Sutton is married to Ethan. They are both writers, and love stories. They tell different stories of their relationship, in alternate sections. The story starts with Sutton disappearing, and Ethan at first believing she has left him, and then worrying something terrible has happened. We hear stories about how they met, their families, their friends, and their pasts, but not all the details agree, and we are left wondering what is true. But the main suspense is not in the story itself, but in the game the author J.T. Ellison plays with the readers. We wonder whether it will really be a completel Click here to read the full review!
The Philosophical Parent Asking the Hard Questions About Having and Raising Children By Jean Kazez Review by Samuel LeBlanc on Tue, Jan 2nd 2018.
Being a parent is the best and worst thing that can happen. Or, as Anne Lamott, mother of Sam, is quoted in Kazez's The Philosopher Parent, "I feel that he has completely ruined my life, because I just didn't used to care so much" (177). To this, add that there are more than 7 billion of us on the planet and you have a book that is easy and impossible to write. Parenthood is inherently social, so much so, that talking about it can be nauseating. Everyone has an opinion on every conceivable subject about what should--and shouldn't--be done. But asking thoughtful questions is a refreshing exerci Click here to read the full review!
The Boy Who Loved Too Much A True Story of Pathological Friendliness By Jennifer Latson Review by Christian Perring on Tue, Jan 2nd 2018.
Latson describes a boy she calls Eli who has been diagnosed with Williams syndrome, a genetic disorder that involves physical, cognitive and emotional variations. Latson focuses on the unguarded friendliness that characterizes the disorder, the webpage of the Williams Syndrome Association makes clear that there are many features that goes with it. The Boy Who Loved Too Much: A True Story of Pathological Friendliness follows Eli from the age of 12 until he was 15. He was enormously and indiscriminately friendly, always seeking hugs. As he got older, this behavior became increasingly inappropria Click here to read the full review!
The Art of Misdiagnosis Surviving My Mother's Suicide By Gayle Brandeis Review by Christian Perring on Tue, Jan 2nd 2018.
The title of Gayle Brandeis's memoir tells the reader what to expect, as does the description in the blurb. But as she writes it, she brings her readers along with the experience of the frustration of dealing with her mother Arlene, and the anxiety of wondering what has happened to her when she disappears. After her mother's body has been discovered, she copes with the grief at the same time as raising her new-born child. Arlene was a complicated and difficult person who was a candidate for psychiatric diagnoses. Gayle reflects on her childhood when her mother encouraged her and her sister to Click here to read the full review!
Several weeks ago I saw Jenifer Lewis on The View TV show as she spoke about her new memoir, being diagnosed with Bipolar illness mid-way in her career and having been in the entertainment industry for decades. Lewis is presently a star on the TV program “blackish” and as the title of the book suggests The Mother of Black Hollywood: a Memoir Lewis has played the mother of many popular stars in the field.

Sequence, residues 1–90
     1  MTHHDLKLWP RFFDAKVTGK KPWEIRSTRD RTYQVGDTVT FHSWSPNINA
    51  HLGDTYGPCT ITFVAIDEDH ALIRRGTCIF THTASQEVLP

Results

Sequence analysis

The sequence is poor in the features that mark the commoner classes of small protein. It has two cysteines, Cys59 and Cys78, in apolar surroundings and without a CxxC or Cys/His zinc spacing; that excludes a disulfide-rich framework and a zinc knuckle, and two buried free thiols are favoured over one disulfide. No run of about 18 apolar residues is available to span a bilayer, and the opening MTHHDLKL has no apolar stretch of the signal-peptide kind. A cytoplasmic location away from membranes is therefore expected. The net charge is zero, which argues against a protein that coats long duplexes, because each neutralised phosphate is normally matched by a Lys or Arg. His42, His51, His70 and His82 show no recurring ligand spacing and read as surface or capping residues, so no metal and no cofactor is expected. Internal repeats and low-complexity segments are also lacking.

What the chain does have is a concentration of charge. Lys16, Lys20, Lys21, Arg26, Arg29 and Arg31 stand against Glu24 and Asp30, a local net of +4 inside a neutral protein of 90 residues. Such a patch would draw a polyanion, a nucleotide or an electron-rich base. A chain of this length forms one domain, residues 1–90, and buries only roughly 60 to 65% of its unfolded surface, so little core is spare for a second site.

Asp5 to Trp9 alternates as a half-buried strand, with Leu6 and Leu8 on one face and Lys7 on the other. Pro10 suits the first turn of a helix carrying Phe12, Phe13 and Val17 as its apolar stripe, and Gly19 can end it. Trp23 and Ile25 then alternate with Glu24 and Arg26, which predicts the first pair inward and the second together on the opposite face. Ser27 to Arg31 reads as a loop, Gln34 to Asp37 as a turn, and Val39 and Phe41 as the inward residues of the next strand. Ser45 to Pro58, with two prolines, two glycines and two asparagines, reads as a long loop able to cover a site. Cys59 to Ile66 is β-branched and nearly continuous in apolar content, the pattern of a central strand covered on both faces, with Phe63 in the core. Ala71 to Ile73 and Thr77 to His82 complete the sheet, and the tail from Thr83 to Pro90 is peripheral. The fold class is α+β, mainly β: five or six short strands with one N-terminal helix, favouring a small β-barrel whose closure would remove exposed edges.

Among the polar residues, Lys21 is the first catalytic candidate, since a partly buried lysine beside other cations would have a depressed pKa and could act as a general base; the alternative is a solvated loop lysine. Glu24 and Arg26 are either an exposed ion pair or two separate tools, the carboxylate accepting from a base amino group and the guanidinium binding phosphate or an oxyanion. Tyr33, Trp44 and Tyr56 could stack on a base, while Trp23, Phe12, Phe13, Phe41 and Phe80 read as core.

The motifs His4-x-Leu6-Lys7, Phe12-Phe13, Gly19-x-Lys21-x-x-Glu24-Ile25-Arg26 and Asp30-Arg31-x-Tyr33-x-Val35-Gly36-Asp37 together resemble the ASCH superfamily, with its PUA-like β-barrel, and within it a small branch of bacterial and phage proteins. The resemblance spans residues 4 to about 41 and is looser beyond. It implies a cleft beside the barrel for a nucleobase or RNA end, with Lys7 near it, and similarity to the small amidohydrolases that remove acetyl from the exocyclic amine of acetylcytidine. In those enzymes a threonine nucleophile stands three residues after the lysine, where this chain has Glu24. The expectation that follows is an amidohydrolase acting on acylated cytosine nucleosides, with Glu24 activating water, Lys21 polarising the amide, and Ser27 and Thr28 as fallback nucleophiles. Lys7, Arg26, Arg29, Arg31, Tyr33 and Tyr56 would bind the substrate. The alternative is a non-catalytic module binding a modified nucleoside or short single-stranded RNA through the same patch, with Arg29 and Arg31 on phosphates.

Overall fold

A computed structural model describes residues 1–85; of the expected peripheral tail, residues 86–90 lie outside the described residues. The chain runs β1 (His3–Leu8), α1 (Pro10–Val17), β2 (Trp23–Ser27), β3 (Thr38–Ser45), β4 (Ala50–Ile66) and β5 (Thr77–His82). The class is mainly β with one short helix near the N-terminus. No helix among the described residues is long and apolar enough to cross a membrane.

In her memoir there are 320 pages including 8 pgs...of photos, plus a Letter to the Reader, 5 pgs. of Acknowledgments including many celebrities and a Career Overview.
The Click here to read the full review!
Bloomsbury Press, under the editorship of James A. Marcum, Professor of Philosophy and Director of Medical Humanities at Baylor University, USA, has recently released an impressive volume of essays on the discourse between philosophy and medicine. The Bloomsbury Companion to Contemporary Philosophy of Medicine gives a thorough account of the current conversation between these two disciplines. This volume is divided into intuitive sections, ranging from the more analytic conversations of diagnostic definitions, to continental phenomenological discourses on illness and embodiment.
The handbook Click here to read the full review!
On Human Nature By Roger Scruton Review by Robert Zaborowski on Tue, Dec 26th 2017.
This small and elegant book has four chapters, of which the first three were given by Scruton as lectures at Princeton University in 2013. It may be read, I think, either as a book on human nature or as a collection of papers on four relatively separate topics treated in four chapters which are about (i) humankind, (ii) human relations, (iii) moral life, and (iv) sacred obligations. I would rather favour the latter option. It seems to me to be an option more sympathetic to Scruton, who warns the reader that the book is "at best a summary of [his] views and do[es] not in any way deal with all t Click here to read the full review!
And Breathe The Complete Guide to Conscious Breathing for Health and Happiness By Rebecca Dennis Review by Beth Cholette, Ph.D. on Tue, Dec 26th 2017.
This book focuses on Transformational Breath, a practice developed by Judith Kravitz in Mexico. Author Rebecca Dennis credits this technique with saving her life: she lived with depression for over twenty years, and although she reports that other therapies were of some benefit to her, it was the discovery of Transformational Breath that she found to be life-changing. Just as she shares her own story in the introduction, Dennis weaves personal testimonials throughout And Breathe, mostly from her clients. In fact, the entire volume reads like a collection of reflections Click here to read the full review!